National agriculture and biodiversity organization ALUS (Alternative Land Use Services) recently announced that funding from WWF-Canada’s Nature and Climate Grant Program, presented in partnership with Aviva Canada, has helped support biodiversity though habitat and ecosystem creation and enhancement in the communities of Chatham-Kent, Ontario, and Outaouais, Quebec.
In 2021 and 2022, WWF-Canada’s funding allowed ALUS Chatham-Kent and ALUS Outaouais to successfully deliver 20 hectares of projects encompassing a range of critical ecosystems. Participating farmers receive initial project funding, as well as ongoing financial compensation for the maintenance and management of the ecosystems they create under the ALUS program. These nature-based solutions to environmental challenges, like biodiversity loss, flooding and drought, deliver long-term benefits to the land and surrounding communities.
“Through ALUS, farmers in Ontario are creating essential outcomes for their communities, supporting native plant and animal species and building environmental resilience,” says Alyssa Cousineau, eastern hub manager for ALUS. “Funding provided by WWF-Canada’s Nature and Climate Grant Program, presented in partnership with Aviva Canada, make it possible for ALUS to finance local programs that support farmers in creating these vital outcomes.”
Volunteers from WWF-Canada got hands-on with Ian McClatchy’s tree and shrub windbreak. Image credit: ALUS.
This program has helped support farmers like Ian McClatchy, who was one of the first participants in the ALUS Outaouais program, which launched in 2021. With ALUS Outaouais, McClatchy planted a double row of native trees and shrubs.
This project will provide long-term benefits to his farm, slowing the wind, capturing water and storing carbon. Each function helps to address broader environmental concerns, but they also contribute to localized successes for the participating farmer.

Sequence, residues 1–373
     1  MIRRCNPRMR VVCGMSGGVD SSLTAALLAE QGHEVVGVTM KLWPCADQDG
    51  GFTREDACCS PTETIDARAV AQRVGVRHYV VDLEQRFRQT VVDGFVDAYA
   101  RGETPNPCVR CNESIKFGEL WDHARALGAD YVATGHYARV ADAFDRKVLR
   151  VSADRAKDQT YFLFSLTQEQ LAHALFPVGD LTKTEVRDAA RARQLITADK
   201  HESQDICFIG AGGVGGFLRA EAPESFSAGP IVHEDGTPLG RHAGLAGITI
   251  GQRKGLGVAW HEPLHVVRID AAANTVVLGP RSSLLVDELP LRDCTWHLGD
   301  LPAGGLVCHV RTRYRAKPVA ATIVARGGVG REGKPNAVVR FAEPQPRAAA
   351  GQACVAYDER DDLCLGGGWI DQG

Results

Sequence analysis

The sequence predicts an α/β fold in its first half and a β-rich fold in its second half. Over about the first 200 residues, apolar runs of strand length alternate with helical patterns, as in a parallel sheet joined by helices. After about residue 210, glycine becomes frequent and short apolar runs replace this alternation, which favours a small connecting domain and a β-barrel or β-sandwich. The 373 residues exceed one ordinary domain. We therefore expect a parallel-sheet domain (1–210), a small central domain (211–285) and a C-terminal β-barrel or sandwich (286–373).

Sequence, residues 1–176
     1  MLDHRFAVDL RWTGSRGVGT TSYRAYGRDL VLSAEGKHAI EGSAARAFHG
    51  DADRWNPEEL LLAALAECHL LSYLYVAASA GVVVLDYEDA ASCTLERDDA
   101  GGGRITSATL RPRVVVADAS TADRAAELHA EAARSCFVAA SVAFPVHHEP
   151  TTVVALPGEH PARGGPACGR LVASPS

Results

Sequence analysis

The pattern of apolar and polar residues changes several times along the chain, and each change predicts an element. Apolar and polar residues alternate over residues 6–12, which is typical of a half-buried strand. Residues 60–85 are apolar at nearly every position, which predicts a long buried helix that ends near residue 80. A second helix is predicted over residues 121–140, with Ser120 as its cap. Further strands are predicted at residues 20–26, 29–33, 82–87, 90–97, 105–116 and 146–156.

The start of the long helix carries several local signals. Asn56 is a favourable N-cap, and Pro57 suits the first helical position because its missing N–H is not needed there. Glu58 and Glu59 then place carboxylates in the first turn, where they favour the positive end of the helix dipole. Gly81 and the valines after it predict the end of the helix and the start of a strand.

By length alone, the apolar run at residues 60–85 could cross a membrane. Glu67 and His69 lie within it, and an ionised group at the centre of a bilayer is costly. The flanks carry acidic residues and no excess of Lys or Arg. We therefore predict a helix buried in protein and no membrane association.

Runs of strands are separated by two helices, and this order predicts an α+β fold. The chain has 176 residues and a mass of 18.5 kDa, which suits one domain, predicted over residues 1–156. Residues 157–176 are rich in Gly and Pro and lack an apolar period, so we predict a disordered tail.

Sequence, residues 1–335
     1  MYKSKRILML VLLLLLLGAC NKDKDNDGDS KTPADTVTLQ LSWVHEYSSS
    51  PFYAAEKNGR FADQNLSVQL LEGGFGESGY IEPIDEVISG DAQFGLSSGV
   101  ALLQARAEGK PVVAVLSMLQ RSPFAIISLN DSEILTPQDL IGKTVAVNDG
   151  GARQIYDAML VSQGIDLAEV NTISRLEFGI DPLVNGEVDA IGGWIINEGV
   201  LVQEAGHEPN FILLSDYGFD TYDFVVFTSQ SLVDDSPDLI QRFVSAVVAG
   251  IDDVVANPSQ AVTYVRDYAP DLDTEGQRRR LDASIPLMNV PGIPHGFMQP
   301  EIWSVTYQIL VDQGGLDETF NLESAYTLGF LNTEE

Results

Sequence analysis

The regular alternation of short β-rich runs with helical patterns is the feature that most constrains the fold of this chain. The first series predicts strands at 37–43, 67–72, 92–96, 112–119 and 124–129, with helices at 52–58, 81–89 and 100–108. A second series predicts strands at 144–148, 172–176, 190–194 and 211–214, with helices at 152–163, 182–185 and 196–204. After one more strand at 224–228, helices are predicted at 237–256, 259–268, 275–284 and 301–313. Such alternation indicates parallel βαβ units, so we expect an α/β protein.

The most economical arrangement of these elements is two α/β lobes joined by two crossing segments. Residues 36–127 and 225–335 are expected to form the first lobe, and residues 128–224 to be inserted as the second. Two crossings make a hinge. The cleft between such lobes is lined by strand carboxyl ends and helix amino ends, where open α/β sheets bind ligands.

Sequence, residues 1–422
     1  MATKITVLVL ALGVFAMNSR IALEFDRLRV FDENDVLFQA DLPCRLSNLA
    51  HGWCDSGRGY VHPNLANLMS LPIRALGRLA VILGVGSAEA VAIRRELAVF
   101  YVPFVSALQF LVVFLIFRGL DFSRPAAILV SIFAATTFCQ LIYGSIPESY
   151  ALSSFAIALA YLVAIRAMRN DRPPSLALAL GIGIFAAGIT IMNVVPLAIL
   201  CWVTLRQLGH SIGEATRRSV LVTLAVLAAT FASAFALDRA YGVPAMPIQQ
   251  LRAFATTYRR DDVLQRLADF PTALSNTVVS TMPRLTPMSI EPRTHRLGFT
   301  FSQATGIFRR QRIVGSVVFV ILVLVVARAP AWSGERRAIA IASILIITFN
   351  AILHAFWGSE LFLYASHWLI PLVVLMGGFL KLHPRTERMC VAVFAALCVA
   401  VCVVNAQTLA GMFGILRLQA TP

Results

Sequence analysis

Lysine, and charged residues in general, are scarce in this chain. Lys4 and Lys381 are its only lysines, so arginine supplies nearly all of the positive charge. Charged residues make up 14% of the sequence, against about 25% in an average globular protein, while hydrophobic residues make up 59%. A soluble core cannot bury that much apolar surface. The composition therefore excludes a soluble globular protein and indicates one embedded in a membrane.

Moreover, the project was undertaken with the neighbouring farms, Ferme Forêt and Ferme Sol, that also planted a single row of trees, creating a cross-property tree and shrub windbreak. This collaborative spirit underpins the success of ALUS, through which communities and individuals receive, contribute and create support for each other and the environment.
“WWF-Canada is thrilled to support groups like ALUS taking meaningful and measurable actions to restore nature through our Nature and Climate Grant Program, presented in partnership with Aviva Canada” says Heather Crochetiere, senior specialist of ecosystem restoration with WWF-Canada. “The benefits generated through the work of ALUS Chatham-Kent and ALUS Outaouais are a fantastic example of the potential for nature-based climate solutions to use the unique powers of nature to both capture and store carbon, which helps mitigate climate change, and safeguard species.”
In ALUS Chatham-Kent, Betty and Allan Hubbell worked with ALUS to create three acres of native grassland that will work in harmony with hardwood forest on their land to create a vibrant, resilient and diverse ecosystem, one that is intended to provide benefits well into the future.
“We have one young grandson, now 18 months old. And the second grandson on the way is due to arrive this spring,” said Allan Hubbell. “We hope this project plays a small part in building our sustainable future for a better environment as they grow towards adulthood.”
Projects like McClatchy’s and the Hubbells’ are just two examples in an incredible network of more than 1,100 farmers and ranchers across Canada that are working with ALUS to create vital ecosystem functions through construction or enhancement of green and blue infrastructure.
Learn more at ALUS.ca.
Featured image: Alyssa Cousineau (right) helps Ian McClatchy with planting trees and shrubs on his farm in Outaouais, Quebec. Credit: ALUS.